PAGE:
The Foreign Originated Intangible Income (FDII) of the Tax Cuts and Jobs Act (TCJA) provides a new tax preference for locating mobile intellectual property income in the United States. FDII draws on similar concepts and definitions as other policies established under the TCJA such as GILTI and is designed to act in concert with those policies to maintain the US tax base while improving the investment climate in the United States. The FDII provision – a 37.5 percent deduction from overseas income that exceeds an assumed return on property, plant and equipment (QBAI) – provides a reduced effective tax rate on high-yield income that is consistent with and similar to intellectual property income in their inspiration the “patent”. Boxing “in other nations.

According to this provision in Subtitle I, both FDII and GILTI deductions would be reduced to 21.875% and 37.5%, respectively. Given the proposed corporate tax rate of 26.5 percent, these reduced deductions result in an FDII rate of 20.7 percent and a GILTI rate of 16.5625. A separate regulation in Subtitle I would reduce the discount on the foreign tax credit from 20 percent to 5 percent, so that instead of 80 percent, 95 percent of the foreign tax credit could be claimed. This effect, together with the other modifications of GILTI in Subtitle I, would lead to an effective GILTI rate of around 17.4 percent. Here too, the Ways and Means legislation would tax US companies that do business abroad above the rate agreed in Pillar 2.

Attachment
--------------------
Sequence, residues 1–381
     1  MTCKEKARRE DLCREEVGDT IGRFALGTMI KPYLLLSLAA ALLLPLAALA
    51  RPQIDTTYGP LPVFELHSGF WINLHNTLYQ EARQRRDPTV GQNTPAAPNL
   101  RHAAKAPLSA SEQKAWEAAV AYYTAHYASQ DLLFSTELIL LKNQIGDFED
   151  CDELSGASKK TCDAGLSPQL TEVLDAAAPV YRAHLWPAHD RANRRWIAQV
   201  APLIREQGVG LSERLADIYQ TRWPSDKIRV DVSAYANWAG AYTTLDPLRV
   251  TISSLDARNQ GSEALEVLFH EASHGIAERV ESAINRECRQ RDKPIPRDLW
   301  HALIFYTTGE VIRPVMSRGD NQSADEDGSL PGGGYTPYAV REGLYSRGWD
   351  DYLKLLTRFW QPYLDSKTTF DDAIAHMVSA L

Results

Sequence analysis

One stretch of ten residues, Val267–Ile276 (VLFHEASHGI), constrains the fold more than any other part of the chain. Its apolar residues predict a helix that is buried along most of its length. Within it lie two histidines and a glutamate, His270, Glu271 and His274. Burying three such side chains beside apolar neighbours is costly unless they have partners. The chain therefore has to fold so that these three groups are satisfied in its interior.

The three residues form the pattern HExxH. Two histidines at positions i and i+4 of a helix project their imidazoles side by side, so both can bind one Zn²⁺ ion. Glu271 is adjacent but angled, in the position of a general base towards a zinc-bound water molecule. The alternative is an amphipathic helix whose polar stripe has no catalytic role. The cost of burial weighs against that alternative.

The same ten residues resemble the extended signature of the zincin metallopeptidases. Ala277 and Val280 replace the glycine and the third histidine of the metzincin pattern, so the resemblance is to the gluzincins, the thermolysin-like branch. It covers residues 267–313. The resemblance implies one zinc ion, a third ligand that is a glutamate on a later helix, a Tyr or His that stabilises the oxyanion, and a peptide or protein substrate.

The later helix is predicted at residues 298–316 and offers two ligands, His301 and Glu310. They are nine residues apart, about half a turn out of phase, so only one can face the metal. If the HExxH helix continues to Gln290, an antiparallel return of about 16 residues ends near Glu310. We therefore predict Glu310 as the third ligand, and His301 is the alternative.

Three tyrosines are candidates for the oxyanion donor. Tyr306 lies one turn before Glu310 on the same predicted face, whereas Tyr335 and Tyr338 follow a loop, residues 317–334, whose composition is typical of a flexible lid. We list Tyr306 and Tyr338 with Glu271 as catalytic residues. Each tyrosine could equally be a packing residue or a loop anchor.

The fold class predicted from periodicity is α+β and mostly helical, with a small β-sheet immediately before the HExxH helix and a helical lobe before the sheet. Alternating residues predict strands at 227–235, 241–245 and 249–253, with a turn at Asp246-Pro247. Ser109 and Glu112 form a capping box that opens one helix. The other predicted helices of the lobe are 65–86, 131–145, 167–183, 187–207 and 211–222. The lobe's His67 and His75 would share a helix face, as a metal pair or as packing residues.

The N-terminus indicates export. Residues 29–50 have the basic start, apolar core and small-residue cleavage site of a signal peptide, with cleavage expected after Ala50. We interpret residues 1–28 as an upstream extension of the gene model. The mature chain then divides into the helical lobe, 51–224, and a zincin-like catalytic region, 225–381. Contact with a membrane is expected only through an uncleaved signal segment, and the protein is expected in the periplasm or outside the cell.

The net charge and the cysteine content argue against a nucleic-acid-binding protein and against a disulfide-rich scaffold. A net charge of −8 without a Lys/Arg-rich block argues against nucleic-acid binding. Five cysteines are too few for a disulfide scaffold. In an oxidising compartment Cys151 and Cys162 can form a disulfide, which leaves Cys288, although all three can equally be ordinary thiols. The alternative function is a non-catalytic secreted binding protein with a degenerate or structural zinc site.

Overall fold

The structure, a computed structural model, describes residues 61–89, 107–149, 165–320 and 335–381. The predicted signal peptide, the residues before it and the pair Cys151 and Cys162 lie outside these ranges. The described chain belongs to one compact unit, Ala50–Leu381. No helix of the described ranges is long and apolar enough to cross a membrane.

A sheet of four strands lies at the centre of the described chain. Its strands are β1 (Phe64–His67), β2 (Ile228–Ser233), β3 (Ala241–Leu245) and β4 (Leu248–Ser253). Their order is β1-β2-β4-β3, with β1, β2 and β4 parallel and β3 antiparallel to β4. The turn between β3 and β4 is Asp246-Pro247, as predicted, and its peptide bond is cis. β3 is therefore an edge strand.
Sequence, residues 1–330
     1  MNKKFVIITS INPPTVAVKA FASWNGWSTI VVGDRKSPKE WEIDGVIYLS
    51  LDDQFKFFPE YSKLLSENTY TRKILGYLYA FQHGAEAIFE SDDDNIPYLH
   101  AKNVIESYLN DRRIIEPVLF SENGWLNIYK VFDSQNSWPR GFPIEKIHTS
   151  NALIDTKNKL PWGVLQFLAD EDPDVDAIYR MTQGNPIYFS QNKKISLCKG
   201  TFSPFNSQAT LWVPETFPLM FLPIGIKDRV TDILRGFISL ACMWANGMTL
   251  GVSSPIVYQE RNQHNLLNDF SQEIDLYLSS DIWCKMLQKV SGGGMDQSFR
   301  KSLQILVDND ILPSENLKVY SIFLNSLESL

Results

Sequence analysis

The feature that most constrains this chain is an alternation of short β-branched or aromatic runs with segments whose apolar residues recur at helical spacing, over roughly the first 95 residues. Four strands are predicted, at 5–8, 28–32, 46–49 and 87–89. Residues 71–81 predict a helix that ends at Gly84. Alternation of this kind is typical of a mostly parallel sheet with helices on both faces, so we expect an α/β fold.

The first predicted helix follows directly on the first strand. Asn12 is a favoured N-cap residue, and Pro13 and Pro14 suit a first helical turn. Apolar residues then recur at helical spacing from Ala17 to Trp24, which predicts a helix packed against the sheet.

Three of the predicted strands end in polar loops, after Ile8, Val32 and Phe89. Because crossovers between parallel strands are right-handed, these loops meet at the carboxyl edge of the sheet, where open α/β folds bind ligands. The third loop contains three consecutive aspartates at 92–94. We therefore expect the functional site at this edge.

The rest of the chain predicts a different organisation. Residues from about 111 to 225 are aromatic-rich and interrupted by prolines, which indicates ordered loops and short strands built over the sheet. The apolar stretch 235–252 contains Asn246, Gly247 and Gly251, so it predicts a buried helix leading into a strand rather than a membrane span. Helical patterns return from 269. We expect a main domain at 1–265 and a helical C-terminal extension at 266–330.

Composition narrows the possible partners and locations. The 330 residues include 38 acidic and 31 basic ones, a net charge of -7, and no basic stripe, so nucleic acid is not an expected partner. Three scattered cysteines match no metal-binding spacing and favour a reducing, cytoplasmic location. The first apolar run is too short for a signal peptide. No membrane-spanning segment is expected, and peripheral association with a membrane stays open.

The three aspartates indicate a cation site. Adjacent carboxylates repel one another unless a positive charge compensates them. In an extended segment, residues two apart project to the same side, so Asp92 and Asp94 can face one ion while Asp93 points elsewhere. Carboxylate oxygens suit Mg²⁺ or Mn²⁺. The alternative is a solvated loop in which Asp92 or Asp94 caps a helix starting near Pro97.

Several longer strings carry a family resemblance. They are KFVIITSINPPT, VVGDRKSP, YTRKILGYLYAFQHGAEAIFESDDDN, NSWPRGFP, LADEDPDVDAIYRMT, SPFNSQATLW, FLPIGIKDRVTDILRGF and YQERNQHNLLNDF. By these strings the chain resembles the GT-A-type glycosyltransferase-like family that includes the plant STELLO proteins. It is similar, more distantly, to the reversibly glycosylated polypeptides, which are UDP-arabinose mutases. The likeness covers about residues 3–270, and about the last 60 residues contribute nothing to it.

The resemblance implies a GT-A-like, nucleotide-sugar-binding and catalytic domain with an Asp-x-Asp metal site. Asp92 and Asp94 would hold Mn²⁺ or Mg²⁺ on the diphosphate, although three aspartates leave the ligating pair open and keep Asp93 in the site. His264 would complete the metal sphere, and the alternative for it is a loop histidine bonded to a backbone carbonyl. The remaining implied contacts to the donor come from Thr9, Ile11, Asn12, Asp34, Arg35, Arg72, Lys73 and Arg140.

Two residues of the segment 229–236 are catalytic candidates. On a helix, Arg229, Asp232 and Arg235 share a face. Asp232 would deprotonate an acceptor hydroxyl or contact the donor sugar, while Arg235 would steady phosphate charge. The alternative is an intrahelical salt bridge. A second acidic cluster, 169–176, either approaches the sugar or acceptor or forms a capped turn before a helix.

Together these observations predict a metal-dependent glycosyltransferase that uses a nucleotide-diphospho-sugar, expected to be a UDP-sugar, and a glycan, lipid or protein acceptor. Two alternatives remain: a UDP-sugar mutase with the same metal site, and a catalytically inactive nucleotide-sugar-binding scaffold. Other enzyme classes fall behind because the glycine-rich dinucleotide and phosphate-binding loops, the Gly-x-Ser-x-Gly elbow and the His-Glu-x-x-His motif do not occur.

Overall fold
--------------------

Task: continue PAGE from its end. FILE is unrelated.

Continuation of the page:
Together, these changes to FDII and GILTI would gross $ 96.4 billion over the next decade.

Changes to the foreign tax credit

Under applicable law, subject to certain restrictions, U.S. firms may aggregate foreign taxes paid for the purpose of obtaining foreign tax credits. Foreign tax credits are limited in their application to taxes paid on various types of income or “baskets”. Under subtitle I, companies would have to claim foreign tax credits per country, among other changes, which excludes the mixing and averaging, which somewhat simplifies the administrative burden of the current calculation of the foreign tax credit. Subtitle I would also limit the degree to which excess credits can be used now and in the future to offset tax liabilities. This policy would remove the applicable statutory annual carry-back allowance and reduce the ability for companies to carry excess credits forward from 10 to 5 years.

Taken together, these foreign tax credit changes would raise $ 63.3 billion over the next decade.